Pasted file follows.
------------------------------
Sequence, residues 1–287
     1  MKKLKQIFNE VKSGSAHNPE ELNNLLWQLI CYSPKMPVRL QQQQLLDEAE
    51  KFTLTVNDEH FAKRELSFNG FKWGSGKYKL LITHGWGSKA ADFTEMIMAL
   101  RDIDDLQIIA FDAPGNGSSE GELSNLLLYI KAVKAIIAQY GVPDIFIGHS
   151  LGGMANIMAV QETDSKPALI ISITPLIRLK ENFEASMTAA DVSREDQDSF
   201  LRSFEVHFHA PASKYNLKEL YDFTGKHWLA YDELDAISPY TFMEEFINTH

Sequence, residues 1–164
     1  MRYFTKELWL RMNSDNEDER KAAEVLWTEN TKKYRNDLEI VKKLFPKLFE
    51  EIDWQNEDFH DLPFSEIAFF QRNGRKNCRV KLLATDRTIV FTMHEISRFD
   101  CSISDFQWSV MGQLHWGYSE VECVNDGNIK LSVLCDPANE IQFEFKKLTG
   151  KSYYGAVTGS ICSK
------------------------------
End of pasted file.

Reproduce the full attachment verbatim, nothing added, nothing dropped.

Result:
Sequence, residues 1–287
     1  MKKLKQIFNE VKSGSAHNPE ELNNLLWQLI CYSPKMPVRL QQQQLLDEAE
    51  KFTLTVNDEH FAKRELSFNG FKWGSGKYKL LITHGWGSKA ADFTEMIMAL
   101  RDIDDLQIIA FDAPGNGSSE GELSNLLLYI KAVKAIIAQY GVPDIFIGHS
   151  LGGMANIMAV QETDSKPALI ISITPLIRLK ENFEASMTAA DVSREDQDSF
   201  LRSFEVHFHA PASKYNLKEL YDFTGKHWLA YDELDAISPY TFMEEFINTH

Sequence, residues 1–164
     1  MRYFTKELWL RMNSDNEDER KAAEVLWTEN TKKYRNDLEI VKKLFPKLFE
    51  EIDWQNEDFH DLPFSEIAFF QRNGRKNCRV KLLATDRTIV FTMHEISRFD
   101  CSISDFQWSV MGQLHWGYSE VECVNDGNIK LSVLCDPANE IQFEFKKLTG
   151  KSYYGAVTGS ICSK